2006-09-22 / Columnists


On Elderlaw Major Changes To Medicaid Program
By Nancy J. Brady, RN, Esq. And Linda Faith Marshak, Esq.

On Elderlaw

Major Changes To Medicaid Program

By Nancy J. Brady, RN, Esq.
And Linda Faith Marshak, Esq.

There have been major changes to the Medicaid program in New York State this year with the passage of the Deficit Reduction Act. Most of the changes affect the "look back" and "penalty" periods for nursing home benefits. Without advance planning (five years before nursing home is required) it will be increasingly difficult for individuals to protect assets. We recommend individuals begin planning as early as possible, with the advice of an attorney well versed in the Medicaid rules.

With the exception of prescription drug coverage, home care Medicaid benefits have not undergone any major changes thus far. If an individual has done no prior planning for long term care, the home care Medicaid program may provide an alternative to nursing home placement.

The Medicaid program is for the elderly, blind or disabled individuals who meet the eligibility requirements. There are asset (savings, checking, IRAs, life insurance, etc.) limits and income (monthly checks) in order for one to receive benefits through the program, as well as medical eligibility criteria. Home care benefits are available to provide up to twenty four hours of home attendant services if the individual qualifies. Through a special program, it is possible to hire the aide of one's choice, provided they are qualified to work in this country, and are not a spouse or child of the Medicaid applicant. This is called the Consumer Directed Personal Assistance Program.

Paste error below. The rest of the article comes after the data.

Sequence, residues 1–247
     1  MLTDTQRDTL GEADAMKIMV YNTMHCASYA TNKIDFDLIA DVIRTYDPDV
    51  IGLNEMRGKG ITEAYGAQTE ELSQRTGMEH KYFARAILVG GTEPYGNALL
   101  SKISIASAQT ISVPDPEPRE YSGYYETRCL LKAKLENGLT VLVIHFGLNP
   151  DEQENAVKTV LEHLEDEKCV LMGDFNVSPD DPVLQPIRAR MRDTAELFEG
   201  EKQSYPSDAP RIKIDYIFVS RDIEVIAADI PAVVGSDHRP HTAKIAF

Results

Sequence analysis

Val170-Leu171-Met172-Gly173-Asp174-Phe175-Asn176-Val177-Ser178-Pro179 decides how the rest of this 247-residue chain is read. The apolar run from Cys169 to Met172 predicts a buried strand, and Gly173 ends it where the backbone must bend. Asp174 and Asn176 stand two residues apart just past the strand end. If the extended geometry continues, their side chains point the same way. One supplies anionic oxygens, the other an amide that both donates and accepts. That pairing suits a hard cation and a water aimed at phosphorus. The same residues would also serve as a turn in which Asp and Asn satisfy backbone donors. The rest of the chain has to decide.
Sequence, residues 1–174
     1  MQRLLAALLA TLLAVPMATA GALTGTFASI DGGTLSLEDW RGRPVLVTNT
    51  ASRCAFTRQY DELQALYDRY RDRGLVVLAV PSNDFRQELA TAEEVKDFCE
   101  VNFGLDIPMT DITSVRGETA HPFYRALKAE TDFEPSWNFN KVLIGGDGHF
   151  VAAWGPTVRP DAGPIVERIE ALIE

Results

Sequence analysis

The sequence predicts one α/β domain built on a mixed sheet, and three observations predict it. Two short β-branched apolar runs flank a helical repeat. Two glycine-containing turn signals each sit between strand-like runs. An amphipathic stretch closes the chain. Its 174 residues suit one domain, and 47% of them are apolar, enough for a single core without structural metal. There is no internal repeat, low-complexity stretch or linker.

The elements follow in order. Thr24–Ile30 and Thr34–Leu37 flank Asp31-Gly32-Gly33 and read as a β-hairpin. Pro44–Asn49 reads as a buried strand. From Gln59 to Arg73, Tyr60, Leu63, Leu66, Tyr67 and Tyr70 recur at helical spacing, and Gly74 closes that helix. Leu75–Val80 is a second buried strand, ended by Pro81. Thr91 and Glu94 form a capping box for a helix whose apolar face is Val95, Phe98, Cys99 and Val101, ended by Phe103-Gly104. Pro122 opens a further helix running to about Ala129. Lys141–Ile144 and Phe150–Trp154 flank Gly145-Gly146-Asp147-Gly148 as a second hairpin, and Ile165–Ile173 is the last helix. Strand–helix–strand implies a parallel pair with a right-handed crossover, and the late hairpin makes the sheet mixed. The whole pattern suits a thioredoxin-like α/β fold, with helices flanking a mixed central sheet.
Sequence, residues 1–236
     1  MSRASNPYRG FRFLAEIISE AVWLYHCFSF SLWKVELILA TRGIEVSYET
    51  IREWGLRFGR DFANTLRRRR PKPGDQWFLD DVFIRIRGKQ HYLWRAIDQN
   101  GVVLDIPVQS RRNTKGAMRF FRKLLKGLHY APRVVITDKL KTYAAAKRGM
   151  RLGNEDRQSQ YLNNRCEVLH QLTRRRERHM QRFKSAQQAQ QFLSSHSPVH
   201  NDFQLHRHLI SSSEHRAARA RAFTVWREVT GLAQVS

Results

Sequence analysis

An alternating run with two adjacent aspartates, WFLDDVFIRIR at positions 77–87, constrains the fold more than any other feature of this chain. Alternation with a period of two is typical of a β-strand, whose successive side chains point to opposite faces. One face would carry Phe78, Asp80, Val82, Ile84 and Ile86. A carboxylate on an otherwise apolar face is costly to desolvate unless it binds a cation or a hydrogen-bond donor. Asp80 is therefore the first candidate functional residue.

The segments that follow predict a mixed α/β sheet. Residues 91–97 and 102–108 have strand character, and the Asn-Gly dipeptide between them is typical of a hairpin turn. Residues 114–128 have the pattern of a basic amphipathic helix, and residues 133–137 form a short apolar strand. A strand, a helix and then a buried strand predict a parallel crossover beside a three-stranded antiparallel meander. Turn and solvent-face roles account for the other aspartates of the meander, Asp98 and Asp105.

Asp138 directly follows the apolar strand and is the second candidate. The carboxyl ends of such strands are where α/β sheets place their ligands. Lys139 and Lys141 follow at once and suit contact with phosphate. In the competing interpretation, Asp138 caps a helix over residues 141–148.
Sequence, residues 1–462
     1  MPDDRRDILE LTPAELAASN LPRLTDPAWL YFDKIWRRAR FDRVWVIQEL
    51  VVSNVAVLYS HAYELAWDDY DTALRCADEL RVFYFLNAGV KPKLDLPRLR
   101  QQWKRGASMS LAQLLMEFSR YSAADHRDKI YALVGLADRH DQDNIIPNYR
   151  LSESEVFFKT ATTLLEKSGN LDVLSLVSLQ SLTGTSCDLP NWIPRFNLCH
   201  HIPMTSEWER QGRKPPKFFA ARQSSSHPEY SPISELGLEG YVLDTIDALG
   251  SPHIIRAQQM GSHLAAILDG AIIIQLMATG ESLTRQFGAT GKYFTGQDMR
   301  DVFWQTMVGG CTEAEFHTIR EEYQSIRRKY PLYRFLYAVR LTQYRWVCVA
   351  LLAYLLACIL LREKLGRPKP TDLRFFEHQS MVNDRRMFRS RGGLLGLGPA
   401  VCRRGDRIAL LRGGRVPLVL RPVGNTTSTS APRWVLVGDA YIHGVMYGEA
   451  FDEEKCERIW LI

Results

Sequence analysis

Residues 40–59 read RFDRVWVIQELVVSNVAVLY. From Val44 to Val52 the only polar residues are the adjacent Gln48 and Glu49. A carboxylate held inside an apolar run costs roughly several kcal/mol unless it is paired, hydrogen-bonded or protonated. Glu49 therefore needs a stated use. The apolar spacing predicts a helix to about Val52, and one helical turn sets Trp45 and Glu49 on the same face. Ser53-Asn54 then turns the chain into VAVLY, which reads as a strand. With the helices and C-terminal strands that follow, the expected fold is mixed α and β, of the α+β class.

The application process is detailed and time consuming. The individual can have no more than $4150.00 in total assets for at least one month prior to the application being submitted. The income limit is $692.00, plus an additional $20.00 for individuals over age 65, plus the cost of any secondary health insurance premiums. If the income is in excess of these amounts, the individual can still receive benefits, and Medicaid will bill them monthly for the excess. If the excess income is deposited into a Medicaid qualifying pooled income trust, the Medicaid recipient has the option to use the excess income to pay bills on his or her behalf. This option which has been available for the last couple of years involves a great deal of paperwork initially, however once in place our clients have been using this program with no problems.

With regards to the amount of home attendant hours available, there is a medical information form which must be submitted with the application for benefits. This form must be completed in great detail to ensure a clear picture of the individual's needs so that he or she is approved for the necessary amount of hours on the initial approval. If enough hours are not approved, a fair hearing can be requested, however the hearing process is lengthy and should be avoided if possible.

Individuals aged 60 and above should strongly consider a consultation with an experienced elderlaw attorney to develop and implement a plan to protect their assets in the event nursing home care is needed. As previously stated, in order to be eligible to apply for Medicaid for nursing home care, planning should be done five years in advance.

This information is a brief overview, and is intended for informational purposes. Any individual who is in need of planning or long term care services should seek the advice of an attorney who actually prepares and submits applications and obtains Medicaid benefits for their clients, to develop a plan specific to his or her particular situation. Do not rely on the advice of others who may or may not be well educated with regards to the eligibility rules and the application process. Legal fees incurred in exploring the options available can save thousands of dollars in long term care expenses.

The attorneys can be reached at 718-945-7777 to schedule a consultation or obtain information regarding upcoming seminars.

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